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In the quest to better understand their customers, companies are latching onto the idea of “big data” as a revolutionary tool with the potential to reshape their understanding of the market. In the past decade, the rapid proliferation of technology has exponentially increased the amount of searchable data that consumers generate. In fact, experts estimate that people generated more data in the year 2012 than in all of human history through 2010. This vast storehouse of digital data is a new frontier that marketers, manufacturers, and retailers hope to use in understanding their customers better than ever before.
“Big data” emerged as one of the most prominent themes at IIR’s 13th Annual Shopper Insights in Action conference held in Chicago on July 16-17, 2013. At this event, speakers explored ways to create a deeper, richer understanding of how consumers act, think, and shop. On one hand, speakers touted the opportunities afforded by “big data” and new paradigm required to fully leverage this tool. At the same time, some presenters avoided the “big data” concept entirely. These speakers instead emphasized time-tested practices of successful businesses including company values, corporate culture, and word-of-mouth advertising. In a world where “big data” offers seemingly limitless potential for market insights, companies must ensure that they are balancing a data-driven approach with a firm commitment to the more intangible elements of success.
Andreas Weigend, director of the Social Data Lab at Stanford University, opened the conference with a unique insight: “big data” was destroying traditional analytic concepts like market segmentation. Today, he argued, companies like Google, Facebook, and Amazon do not need to use customer segmentation as they have detailed information on each and every individual on their network. Using tools like implicit data (clicks), explicit data (user profiles or product reviews) and a user’s “social graph” (networks, friends and connections), these online giants understand their consumers to a degree that would have been unimaginable only a few years ago. This “social data” – which Weigend called “the new oil” – represents a tremendous new frontier for companies looking to better understand their customers.
Many other speakers explored the new frontiers of “big data.” Companies like Placed and Locately explained how they collect GPS location data from consumer smartphones, ushering in a new era of precise location analytics. At the same time, manufacturers like Red Bull and Whirlpool showcased their efforts to dissect the in-store shopping experience in order to maximise sales. Nearly every variable, from aisle length and location to lighting and special displays, are currently under the microscope in order to increase a retailer’s efficiency. Across the board, it was clear that the ever-growing digital presence of consumers is reshaping how companies market their products.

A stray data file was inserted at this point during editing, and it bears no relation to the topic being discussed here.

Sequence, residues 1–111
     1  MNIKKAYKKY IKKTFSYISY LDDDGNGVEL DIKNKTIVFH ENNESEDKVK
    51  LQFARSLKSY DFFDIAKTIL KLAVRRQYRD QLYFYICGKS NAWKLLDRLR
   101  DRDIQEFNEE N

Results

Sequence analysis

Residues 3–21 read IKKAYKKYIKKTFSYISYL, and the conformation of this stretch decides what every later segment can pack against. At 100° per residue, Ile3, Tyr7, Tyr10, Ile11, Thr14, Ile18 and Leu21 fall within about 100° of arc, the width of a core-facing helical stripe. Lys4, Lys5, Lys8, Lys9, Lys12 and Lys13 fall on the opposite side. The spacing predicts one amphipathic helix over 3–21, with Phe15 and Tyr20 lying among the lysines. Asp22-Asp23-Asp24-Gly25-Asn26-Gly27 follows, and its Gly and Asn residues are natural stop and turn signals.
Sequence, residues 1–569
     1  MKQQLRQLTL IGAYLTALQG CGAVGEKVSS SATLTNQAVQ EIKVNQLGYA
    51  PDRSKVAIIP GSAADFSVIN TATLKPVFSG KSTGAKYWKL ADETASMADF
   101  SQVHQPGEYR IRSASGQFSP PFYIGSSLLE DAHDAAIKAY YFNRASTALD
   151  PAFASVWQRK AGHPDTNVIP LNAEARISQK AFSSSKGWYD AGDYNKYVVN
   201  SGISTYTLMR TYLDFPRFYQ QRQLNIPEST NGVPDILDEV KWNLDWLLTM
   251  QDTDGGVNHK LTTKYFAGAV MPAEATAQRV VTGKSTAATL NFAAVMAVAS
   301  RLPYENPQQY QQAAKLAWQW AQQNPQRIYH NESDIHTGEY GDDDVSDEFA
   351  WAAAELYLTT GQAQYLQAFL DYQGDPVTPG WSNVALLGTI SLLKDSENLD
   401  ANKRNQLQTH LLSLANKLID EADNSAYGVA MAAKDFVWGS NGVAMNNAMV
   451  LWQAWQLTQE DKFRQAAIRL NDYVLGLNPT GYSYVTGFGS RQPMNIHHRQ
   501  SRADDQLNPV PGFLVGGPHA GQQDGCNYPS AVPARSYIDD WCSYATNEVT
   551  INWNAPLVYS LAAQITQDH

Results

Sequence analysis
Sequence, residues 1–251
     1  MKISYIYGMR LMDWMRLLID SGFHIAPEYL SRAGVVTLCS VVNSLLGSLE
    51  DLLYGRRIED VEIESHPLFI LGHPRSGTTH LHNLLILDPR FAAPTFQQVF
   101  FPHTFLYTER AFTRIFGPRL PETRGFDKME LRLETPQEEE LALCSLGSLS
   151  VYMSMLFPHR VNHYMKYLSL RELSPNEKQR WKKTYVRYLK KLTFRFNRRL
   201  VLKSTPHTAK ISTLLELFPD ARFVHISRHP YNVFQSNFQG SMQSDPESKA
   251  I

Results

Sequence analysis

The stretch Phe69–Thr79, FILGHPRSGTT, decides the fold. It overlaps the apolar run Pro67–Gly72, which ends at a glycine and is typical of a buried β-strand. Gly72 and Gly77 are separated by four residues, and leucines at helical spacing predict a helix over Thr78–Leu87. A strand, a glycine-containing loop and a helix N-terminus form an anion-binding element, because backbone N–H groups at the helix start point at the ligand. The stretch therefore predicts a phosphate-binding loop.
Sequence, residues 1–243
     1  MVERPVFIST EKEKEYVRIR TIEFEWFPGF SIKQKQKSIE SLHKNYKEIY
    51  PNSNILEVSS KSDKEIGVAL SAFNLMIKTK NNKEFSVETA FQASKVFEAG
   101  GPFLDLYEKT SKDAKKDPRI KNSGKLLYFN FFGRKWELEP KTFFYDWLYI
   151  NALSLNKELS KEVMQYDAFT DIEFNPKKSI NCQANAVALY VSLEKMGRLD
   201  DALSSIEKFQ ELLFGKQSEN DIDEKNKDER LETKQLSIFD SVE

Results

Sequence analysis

Against this backdrop of hype surrounding “big data,” some speakers chose instead to extol more traditional methods of success in marketing. Jonah Berger, marketing professor at The University of Pennsylvania, made a strong case for advertising via word-of-mouth. Berger explained how a person’s trust in his/her friends leads word-of-mouth advertising between peers to be ten times more effective than traditional advertisements – which consumers regularly distrust. Even more interesting, 93% of word-of-mouth communication remains offline, even in our hyper-connected online world. For this reason, companies should focus on ensuring that their brands are the subject of discussion by fostering a “social currency” and “public image,” finding their “inner remarkability,” and telling a compelling story.
A few retailers also presented case studies supporting the idea that intangible elements of a business can be foundational to its success. Jenn Lim explained how the success of internet retailer Zappos.com is built upon the happiness of its employees and its customers. Zappos employees are treated with respect and are trained to build a “personal emotional connection” with customers. This commitment manifests itself in cases like a single 10.5-hour phone call with one customer, and has resulted in strong and growing sales. The same is true for Doug Rauch, former president of speciality supermarket chain Trader Joe’s. Using the provocative phrase “culture eats strategy for lunch,” Rauch explained how the foundation of Trader Joe’s success has been built on its unique story, narrative, and culture. These intangible elements cannot be copied by competitors and go beyond a simple slogan or marketing gimmick. Like Zappos, Trader Joe’s has also created a culture of trust among its employees that allow them to innovate and take new risks. Rauch argued that this unique sense of culture permeates throughout Trader Joe’s stores, creating a loyal base of shoppers and allowing it to thrive in the highly competitive grocery retail market.
It is clear that “big data” will become an integral part of consumer research for companies in the future. The vast storehouse of data that is being produced every day from people shopping online, interacting with friends on social networks, using their smartphones for GPS location, and downloading digital content offers a new frontier for market research and analysis. The way that people live and interact is drastically changing, and companies must follow suit in trying to understand their customers.
This revolution in market insights, however, does not negate many of the intangible elements of successful businesses that remain as true today as ever before. Word-of-mouth advertising, company culture, and values can still help drive a business to success. Moving forward, companies must find ways to cut through “big data” in order to provide and create meaningful value for their customers.